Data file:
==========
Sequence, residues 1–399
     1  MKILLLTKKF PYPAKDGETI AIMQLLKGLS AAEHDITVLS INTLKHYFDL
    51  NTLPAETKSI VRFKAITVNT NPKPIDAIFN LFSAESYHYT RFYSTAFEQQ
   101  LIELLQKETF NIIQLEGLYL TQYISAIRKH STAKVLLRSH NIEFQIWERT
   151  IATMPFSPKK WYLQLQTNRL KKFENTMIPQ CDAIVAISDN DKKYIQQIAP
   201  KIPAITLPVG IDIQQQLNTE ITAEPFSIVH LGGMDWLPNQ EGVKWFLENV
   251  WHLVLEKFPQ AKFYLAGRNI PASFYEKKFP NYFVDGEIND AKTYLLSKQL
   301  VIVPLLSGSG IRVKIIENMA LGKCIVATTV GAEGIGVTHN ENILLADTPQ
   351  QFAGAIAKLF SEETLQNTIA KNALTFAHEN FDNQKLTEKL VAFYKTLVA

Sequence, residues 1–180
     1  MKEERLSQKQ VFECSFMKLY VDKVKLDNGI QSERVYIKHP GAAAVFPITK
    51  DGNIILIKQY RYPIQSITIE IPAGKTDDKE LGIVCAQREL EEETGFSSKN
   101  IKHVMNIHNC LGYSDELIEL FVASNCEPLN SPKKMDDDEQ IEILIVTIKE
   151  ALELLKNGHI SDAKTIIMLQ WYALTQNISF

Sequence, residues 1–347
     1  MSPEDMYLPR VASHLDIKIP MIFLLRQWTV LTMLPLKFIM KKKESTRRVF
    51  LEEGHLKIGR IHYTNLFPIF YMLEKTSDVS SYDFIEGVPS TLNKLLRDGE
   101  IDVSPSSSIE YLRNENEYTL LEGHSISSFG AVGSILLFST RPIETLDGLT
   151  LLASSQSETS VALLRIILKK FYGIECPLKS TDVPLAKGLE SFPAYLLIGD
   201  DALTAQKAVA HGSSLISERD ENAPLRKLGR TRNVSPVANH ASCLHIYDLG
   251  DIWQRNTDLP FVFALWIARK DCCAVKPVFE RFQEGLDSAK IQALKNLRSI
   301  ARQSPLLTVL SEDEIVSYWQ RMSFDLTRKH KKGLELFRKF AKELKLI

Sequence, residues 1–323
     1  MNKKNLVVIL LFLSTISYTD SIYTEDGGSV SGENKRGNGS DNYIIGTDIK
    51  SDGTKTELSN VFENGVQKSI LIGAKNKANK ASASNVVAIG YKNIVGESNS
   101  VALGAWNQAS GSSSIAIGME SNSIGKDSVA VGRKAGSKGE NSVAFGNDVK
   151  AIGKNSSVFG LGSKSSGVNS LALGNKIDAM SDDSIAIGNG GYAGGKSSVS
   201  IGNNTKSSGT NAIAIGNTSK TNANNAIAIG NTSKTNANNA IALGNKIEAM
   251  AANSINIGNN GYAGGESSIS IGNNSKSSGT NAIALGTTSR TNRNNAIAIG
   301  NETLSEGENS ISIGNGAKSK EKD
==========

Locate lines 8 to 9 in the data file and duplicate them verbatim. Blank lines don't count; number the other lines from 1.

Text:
   301  VIVPLLSGSG IRVKIIENMA LGKCIVATTV GAEGIGVTHN ENILLADTPQ
   351  QFAGAIAKLF SEETLQNTIA KNALTFAHEN FDNQKLTEKL VAFYKTLVA